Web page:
Background: In general population hypertension, diabetes mellitus, overweight, hyperlipidemia and smoking are well-established risk factors for cardiovascular disease. However, the effect of these conventional risk factors on cardiovascular disease and mortality of patients on hemodialysis is not well understood. Indeed, some risk factors such as high blood pressure, hyperlipidemia and excess weight have been recently claimed to correlate with improved survival.
Objective: This study was undertaken to define the prevalence of these conventional risk factors in 453 hemodialysis patients, predominantly African-Americans, to determine their influence on two-year survival.
Result: High cholesterol was found in 30% of the patients, high LDL-cholesterol in 25% and high triglycerides in 16%. Lipoprotein(a) (LP(a)) was elevated in 68% of the patients. 31% of our patients had predialysis mean arterial blood pressure (MAP) over 114, and 25% were obese based on a body mass index (BMI) over 30, 26% were diabetic and 25% were active smokers. Smoking was more common among our male and Caucasian patients. The aggregate score for the risk factors were 2.4+/-0.1 per patient, which increased to 3.2+/-0.1 in patients with obesity or diabetes, to 3.0+/-0.1 with hypertension and to 2.8+/-0.1 with active smoking. In multivariate Cox model analysis, prealbumin, body weight and blood pressure showed a positive correlation with two-year survival whereas diabetes mellitus had a negative correlation. Hyperlipidemia did not correlate to patients' two-year mortality. Smoking was associated with higher mortality, but that did not reach statistical significance.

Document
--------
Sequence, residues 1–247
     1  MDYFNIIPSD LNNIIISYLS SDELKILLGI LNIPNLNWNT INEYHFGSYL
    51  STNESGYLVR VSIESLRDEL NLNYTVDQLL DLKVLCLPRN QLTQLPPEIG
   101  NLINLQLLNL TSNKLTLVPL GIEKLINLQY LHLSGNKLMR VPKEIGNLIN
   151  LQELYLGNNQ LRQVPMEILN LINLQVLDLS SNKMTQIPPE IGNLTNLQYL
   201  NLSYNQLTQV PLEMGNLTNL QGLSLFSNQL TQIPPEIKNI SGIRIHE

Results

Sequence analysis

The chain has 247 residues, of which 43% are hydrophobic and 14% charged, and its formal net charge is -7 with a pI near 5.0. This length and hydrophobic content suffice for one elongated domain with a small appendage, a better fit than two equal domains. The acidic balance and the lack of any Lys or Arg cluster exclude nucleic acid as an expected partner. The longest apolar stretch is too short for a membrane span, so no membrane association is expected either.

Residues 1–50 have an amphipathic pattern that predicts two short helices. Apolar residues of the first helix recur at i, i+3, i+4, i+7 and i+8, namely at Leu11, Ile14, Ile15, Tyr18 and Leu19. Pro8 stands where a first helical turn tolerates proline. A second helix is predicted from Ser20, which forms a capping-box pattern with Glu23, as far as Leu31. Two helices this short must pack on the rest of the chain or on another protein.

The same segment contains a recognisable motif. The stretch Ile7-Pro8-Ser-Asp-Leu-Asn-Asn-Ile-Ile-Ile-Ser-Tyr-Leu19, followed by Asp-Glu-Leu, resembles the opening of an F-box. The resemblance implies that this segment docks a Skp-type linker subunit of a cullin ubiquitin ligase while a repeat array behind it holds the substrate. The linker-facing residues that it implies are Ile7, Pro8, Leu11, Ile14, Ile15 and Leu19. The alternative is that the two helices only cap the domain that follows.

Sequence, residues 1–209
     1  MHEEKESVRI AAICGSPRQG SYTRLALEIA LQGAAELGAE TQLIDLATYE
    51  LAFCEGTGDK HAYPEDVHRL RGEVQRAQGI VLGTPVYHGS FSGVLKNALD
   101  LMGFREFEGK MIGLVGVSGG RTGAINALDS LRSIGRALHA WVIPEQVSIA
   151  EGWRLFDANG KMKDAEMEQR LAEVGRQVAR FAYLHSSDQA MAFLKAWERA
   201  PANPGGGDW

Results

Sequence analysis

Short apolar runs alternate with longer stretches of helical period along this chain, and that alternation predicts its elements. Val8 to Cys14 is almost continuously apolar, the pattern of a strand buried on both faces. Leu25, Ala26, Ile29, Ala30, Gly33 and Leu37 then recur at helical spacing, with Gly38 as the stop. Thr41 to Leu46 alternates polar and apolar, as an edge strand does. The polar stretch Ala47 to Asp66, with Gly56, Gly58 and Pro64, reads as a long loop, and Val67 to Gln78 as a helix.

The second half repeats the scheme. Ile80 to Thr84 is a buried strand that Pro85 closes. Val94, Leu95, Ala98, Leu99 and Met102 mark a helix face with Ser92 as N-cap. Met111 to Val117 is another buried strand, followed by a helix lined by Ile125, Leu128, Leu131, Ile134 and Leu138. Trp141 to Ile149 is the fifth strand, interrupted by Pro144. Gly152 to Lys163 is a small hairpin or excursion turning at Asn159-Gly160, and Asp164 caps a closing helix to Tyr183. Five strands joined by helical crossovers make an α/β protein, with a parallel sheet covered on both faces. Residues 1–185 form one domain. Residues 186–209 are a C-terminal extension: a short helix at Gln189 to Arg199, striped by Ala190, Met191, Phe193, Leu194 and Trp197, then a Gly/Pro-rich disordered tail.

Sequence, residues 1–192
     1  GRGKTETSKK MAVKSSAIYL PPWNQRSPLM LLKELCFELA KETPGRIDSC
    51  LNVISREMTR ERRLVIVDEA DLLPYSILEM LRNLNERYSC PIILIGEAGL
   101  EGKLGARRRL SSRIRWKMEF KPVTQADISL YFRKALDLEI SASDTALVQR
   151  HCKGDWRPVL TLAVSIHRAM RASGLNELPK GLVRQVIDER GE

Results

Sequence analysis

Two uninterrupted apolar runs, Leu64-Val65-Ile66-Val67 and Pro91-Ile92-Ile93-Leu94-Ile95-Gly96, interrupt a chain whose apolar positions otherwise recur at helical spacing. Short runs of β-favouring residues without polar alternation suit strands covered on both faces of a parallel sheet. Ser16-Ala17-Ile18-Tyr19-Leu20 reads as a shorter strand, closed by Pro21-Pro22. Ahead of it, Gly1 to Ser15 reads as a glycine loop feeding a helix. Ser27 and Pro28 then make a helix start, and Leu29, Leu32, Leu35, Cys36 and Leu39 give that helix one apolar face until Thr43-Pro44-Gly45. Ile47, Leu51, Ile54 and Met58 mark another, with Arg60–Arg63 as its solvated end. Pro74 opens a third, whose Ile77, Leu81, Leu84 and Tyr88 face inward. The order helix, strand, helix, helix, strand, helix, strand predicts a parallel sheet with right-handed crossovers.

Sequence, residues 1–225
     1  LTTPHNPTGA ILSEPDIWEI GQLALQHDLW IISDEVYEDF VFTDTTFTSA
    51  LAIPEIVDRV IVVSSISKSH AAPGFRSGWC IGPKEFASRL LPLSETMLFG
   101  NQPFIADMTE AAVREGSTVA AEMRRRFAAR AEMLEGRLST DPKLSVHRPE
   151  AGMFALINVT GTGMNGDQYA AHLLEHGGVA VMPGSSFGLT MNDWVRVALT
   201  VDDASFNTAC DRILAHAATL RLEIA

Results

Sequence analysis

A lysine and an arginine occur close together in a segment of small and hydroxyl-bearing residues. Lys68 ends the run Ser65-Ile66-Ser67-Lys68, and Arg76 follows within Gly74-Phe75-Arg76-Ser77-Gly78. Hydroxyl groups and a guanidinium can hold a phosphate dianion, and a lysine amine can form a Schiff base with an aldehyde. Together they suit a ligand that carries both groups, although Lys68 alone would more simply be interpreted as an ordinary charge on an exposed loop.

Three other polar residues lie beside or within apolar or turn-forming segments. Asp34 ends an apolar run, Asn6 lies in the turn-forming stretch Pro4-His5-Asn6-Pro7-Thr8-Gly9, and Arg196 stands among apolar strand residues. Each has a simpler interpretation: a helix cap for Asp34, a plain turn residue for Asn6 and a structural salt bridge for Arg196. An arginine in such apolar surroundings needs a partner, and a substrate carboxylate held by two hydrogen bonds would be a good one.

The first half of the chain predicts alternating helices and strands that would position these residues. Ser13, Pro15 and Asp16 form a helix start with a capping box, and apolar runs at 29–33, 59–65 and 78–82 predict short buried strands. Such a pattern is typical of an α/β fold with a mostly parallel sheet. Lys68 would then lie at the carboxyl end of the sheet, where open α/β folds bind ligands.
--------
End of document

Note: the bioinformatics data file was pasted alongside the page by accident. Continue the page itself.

Conclusion: Conventional risk factors at least over a two-year period do not readily account for the higher mortality of a group of predominantly African-American patients on hemodialysis. The lack of prediction is speculated to be partly due to the overriding beneficial effects of better nutrition and due to the presence of other yet to be well-defined factors such as hyperhomocysteinemia, oxidative stress, coronary calcification, hitherto unidentified uremic toxins or a combination of these factors.